1) A substance that is poisonous to living organisms, such as a pesticide.

2) The destruction of life.

Antimicrobial pesticides destroy or suppress growth of bacteria, viruses, or fungi on surfaces.

These are regulated by the EPA.

A loophole in federal law allows identical active ingredients to be used in food, food wrappers, and personal care products without being called pesticides.

Biocides in these products are regulated by the FDA.

The toxicology is the same.

Triclosan is a synthetic, broad-spectrum antimicrobial agent with some antifungal and antiviral properties.

It works by blocking an enzyme that is essential for fatty acid synthesis in microbes.

This affects the microbe's cells and reproduction.

It is very potent.

Triclosan journeys into water ecosystems.

It moves through the food chain and water supply.

Eventually it travels into humans.

Triclosan is present in the blood of nearly 100% of everyone tested.

Research has shown that triclosan can rapidly photodegrade into dioxin.

Dioxin causes cancer, fertility loss, altered sex hormones, miscarriage, birth defects, and impaired immunity.

Chemically, triclosan closely resembles some estrogens.

Triclosan is an endocrine disruptor.

This research demonstrated that triclosan hastens the transformation of tadpoles into adult frogs.

Effects included

  • Significant weight loss

  • Accelerated hind-limb development

  • Brain activity linked with uncontrolled cell growth

  • Altered gene activity

Concentrations as low as 0.15 ppb are capable of disrupting a hormone mechanism that is nearly identical in frogs and humans.

Triclosan is present in human breast milk.

It is lipophilic; it bioaccumulates in fatty tissue.

Products containing triclosan react with chlorinated water to produce chloroform.

This happens under normal household conditions.

So far, all products tested produce either chloroform or other chlorinated byproducts.

In some cases a person’s annual exposure to chloroform may increase 40% above levels already found in tap water alone.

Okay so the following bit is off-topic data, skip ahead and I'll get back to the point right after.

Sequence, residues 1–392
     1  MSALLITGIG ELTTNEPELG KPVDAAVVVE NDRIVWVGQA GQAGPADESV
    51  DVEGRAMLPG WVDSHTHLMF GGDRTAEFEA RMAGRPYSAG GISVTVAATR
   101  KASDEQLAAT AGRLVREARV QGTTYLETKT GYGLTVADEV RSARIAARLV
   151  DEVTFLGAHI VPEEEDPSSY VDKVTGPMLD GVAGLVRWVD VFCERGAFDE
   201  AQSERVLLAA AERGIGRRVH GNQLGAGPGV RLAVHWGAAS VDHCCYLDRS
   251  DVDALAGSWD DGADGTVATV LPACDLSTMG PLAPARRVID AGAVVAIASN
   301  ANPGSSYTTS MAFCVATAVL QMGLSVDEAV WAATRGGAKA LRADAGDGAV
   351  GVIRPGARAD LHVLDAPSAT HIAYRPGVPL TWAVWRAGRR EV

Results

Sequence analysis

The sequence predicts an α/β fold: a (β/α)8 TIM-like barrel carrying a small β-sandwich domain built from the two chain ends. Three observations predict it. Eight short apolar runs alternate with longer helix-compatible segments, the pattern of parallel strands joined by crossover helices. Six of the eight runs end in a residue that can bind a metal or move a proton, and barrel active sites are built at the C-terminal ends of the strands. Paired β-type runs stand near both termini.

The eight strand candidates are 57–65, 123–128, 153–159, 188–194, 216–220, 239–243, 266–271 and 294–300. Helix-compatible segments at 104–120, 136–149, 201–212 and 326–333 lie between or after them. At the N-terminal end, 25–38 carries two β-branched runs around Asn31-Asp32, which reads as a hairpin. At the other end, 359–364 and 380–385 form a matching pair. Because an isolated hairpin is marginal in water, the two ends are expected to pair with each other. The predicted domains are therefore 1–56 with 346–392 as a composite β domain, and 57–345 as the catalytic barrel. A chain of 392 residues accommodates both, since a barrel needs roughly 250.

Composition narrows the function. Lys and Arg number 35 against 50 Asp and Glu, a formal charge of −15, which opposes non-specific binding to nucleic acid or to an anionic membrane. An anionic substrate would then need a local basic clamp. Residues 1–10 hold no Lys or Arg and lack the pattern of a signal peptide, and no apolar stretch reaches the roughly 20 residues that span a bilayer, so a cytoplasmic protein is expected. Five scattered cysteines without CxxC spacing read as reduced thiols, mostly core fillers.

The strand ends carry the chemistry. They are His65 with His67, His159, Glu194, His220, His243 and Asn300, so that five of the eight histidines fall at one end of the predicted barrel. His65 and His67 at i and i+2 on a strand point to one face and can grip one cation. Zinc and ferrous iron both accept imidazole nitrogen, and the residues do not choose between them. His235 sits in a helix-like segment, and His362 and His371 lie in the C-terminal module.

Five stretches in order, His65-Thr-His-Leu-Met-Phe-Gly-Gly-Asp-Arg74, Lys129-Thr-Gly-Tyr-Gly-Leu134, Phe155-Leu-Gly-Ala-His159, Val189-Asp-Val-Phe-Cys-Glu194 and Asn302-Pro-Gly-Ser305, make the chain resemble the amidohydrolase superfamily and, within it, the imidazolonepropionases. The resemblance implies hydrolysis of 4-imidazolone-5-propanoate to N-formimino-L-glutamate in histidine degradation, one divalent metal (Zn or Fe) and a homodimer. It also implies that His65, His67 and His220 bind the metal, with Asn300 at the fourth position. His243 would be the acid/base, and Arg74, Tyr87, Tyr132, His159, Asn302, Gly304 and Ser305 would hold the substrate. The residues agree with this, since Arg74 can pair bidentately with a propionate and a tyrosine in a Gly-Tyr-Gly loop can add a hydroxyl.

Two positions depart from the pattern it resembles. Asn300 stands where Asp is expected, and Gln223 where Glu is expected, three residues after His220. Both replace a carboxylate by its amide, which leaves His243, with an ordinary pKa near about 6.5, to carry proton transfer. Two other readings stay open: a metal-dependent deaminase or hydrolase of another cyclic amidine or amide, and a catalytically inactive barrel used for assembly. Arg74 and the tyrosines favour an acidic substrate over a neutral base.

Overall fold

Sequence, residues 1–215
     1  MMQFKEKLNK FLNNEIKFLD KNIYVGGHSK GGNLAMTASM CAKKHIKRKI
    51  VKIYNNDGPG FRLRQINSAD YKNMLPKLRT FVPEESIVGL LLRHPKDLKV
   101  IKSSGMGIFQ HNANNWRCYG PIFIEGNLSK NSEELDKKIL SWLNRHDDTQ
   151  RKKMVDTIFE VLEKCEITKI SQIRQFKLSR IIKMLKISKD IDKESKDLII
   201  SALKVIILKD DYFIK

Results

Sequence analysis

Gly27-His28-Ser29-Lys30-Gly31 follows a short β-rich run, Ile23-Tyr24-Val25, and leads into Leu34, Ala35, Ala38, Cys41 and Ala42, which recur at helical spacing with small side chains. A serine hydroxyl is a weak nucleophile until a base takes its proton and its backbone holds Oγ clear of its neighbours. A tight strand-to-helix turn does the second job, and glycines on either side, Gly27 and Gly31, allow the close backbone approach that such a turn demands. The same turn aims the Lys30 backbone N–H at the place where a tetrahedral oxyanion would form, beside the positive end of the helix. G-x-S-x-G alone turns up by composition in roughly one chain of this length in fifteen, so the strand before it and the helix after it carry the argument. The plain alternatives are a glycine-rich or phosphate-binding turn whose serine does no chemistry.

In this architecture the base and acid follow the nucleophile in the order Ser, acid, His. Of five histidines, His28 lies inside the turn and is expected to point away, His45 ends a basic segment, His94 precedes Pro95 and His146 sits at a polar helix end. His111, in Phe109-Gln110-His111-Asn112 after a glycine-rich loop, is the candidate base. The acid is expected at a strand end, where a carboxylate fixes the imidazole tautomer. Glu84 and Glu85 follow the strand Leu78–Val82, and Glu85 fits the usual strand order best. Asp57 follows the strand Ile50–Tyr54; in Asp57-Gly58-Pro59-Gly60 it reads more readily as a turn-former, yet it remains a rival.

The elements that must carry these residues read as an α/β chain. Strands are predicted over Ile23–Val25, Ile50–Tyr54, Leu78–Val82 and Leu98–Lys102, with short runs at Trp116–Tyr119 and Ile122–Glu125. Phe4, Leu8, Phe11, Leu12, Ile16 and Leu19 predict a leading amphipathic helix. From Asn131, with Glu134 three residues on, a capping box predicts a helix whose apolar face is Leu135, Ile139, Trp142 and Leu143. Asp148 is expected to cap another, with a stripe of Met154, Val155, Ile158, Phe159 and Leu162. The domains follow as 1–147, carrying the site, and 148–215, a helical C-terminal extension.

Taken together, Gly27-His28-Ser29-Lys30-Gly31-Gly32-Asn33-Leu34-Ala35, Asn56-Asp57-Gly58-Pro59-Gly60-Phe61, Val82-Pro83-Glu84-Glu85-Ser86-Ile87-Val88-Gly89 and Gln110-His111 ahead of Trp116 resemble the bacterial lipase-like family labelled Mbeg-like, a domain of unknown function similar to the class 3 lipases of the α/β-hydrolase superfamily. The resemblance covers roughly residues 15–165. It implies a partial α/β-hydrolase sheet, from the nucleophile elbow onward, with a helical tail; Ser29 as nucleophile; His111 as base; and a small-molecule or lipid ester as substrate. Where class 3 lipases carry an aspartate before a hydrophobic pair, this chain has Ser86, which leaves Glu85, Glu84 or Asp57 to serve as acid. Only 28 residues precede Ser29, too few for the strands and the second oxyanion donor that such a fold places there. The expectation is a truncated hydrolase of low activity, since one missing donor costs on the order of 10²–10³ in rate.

There is evidence that triclosan causes photoallergic contact dermatitis (PACD).

This can occur when skin exposed to triclosan is also exposed to sunlight.

PACD symptoms include an eczema rash on sun-exposed areas such as the face, neck, back of the hands, and arms.

Triclosan's interaction with other body burden toxicants is not well understood.

Structurally, triclosan is very similar to PBDEs and PCBs.

BDE-153 molecular structureTriclosan molecular structurePCB-153 molecular structure

Triclosan (Microban®, Biofresh®) is used in over 5,000 common personal care products including toothpastes, cosmetics, deodorants, and ~50% of all commercial soaps.

But antibacterial soaps containing triclosan are no better than plain soaps at preventing infections .

Instead, these products increase the likelihood for antibiotic-resistant strains of bacteria to emerge.

The FDA does not review or approve cosmetic ingredients and products before they are sold to the public.

Companies are not required to perform safety testing in advance.

Recalls are voluntary.

Triclosan is also used in clothing, plastics, toys, countertops, and other products.

Tons of triclosan are released into the environment every year.

Triclosan effluents affect both the structure and the function of water ecosystems.

Sources for learning more about triclosan include